Tips for Staying Cool in the Summer Heat
As we prepare to move into August, which for many is the hottest part of the year, it’s a good idea to keep in mind some tips for staying cool. Temperatures have soared well over 100 degrees for much of the U.S. already this season, which is hot for anyone! But, for those who have low circulation or paralysis resulting in limited perspiration, regulating body temperature can be even more of a challenge – and sometimes even a health concern.
The following tips will help you stay cool in the hottest part of the summer, no matter who you are.
Ice Packs & Wraps
One of the quickest ways to cool the body down is by targeting major pulse points and arteries. Grab an ice wrap (the kind that you put in the freezer between use), a cold pack or even a bag of ice and place it directly on your neck to begin circulating cooler blood throughout your body in no time. Other areas to focus on are wrists, inner thighs and the sides of your head, near the temple. A cool rag or bandana can all work if you don’t have anything frozen.
Consuming liquids is crucial to avoid overheating. Getting enough water and caffeine-free liquids that contain electrolytes will help keep your body cool, while replacing much of what your body loses while sweating. If you’re really hot, try some ice water or chilled beverages and you’ll start feeling better fast. Also, if you have a cold bottle handy, you can double its use as a cold pack on your neck!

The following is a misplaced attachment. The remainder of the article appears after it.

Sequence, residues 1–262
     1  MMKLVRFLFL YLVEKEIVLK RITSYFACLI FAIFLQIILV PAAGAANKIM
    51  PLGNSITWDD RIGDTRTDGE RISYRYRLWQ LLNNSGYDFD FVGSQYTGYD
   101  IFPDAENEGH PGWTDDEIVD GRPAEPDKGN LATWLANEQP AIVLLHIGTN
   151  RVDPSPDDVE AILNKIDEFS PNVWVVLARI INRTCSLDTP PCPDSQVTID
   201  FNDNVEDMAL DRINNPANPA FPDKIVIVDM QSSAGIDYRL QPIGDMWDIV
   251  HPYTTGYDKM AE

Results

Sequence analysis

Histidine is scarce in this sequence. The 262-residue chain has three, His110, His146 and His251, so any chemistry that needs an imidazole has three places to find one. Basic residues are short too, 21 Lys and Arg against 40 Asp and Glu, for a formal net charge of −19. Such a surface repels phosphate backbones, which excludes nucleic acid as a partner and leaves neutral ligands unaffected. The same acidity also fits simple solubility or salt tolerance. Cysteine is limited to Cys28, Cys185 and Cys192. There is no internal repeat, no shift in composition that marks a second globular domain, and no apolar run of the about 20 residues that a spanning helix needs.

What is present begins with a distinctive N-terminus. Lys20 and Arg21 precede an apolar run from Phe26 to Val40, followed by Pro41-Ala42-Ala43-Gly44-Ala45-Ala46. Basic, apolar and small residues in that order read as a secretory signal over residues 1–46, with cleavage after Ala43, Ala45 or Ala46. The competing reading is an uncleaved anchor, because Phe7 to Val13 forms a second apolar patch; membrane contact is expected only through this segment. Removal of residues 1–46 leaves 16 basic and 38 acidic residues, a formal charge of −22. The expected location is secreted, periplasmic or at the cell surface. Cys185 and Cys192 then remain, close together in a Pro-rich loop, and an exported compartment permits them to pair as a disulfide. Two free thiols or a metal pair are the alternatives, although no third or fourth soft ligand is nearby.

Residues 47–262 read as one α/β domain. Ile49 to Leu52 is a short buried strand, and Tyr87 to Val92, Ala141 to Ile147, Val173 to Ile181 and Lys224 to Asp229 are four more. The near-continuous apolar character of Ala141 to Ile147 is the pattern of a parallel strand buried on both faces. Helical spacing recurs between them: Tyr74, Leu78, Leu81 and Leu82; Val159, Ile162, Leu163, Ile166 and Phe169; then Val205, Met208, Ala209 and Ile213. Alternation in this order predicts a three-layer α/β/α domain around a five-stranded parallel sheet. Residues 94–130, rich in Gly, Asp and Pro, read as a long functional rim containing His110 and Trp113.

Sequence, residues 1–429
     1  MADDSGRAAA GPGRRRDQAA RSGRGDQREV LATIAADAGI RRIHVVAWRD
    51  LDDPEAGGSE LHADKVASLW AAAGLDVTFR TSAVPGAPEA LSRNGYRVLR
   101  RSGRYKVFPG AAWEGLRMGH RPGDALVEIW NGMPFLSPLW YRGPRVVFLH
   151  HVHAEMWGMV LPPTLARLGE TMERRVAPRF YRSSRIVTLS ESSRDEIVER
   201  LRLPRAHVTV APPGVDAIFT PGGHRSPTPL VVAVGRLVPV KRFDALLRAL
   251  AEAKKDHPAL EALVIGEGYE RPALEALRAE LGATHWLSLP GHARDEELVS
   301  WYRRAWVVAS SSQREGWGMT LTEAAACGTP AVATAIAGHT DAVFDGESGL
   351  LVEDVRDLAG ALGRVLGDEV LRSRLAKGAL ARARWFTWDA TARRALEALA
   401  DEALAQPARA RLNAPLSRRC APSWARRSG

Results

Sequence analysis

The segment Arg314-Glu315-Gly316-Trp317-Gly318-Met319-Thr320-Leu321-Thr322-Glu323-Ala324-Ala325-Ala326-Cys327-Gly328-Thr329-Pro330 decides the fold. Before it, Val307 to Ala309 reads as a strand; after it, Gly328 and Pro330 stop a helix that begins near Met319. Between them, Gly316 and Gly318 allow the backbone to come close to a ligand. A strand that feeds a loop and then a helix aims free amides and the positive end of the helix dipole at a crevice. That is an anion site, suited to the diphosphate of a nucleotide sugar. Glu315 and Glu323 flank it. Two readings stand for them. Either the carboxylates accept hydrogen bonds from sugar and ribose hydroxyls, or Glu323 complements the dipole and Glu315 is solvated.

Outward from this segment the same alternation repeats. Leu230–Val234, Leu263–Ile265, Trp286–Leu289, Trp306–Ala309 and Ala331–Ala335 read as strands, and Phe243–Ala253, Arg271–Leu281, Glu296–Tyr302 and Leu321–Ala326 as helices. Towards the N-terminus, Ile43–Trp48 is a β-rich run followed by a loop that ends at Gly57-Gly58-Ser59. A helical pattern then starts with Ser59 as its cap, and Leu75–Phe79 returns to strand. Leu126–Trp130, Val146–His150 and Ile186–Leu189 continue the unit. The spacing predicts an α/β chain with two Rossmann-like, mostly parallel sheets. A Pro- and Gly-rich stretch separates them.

Douse with Water
Another great way to bring down your body temperature is to simply dump some water on yourself! Pour water (cool or room temperature) over your head, around your neck and on clothing. It will give you an immediate cool down and help you stay cooler while it dries. If you’re not into getting that wet, try carrying a spray bottle with some ice water in it.
Last but not least, Take a Dip!
Ok, we saved the best for last. It’s probably no surprise that submerging our bodies in water is the very best way to lower body temperature and get instant relief from the heat. Plus, swimming has all sorts of other great health benefits and it’s fun! If you don’t have a pool or know someone who has one, look up your local public pool or ask a local rehab center or college about using theirs. Read our blog here about the positive impacts of swimming for wheelchair users!
If you’re worried about accessibility, there’s good news. Thanks to revisions to the Americans with Disabilities Act in 2010, most public pools are equipped with lifts so all guests can access the water with ease. If your public or private pool of choice doesn’t have a lift and you’d like to find out about getting one installed, you can contact us here and we’d be happy to help. SaveSave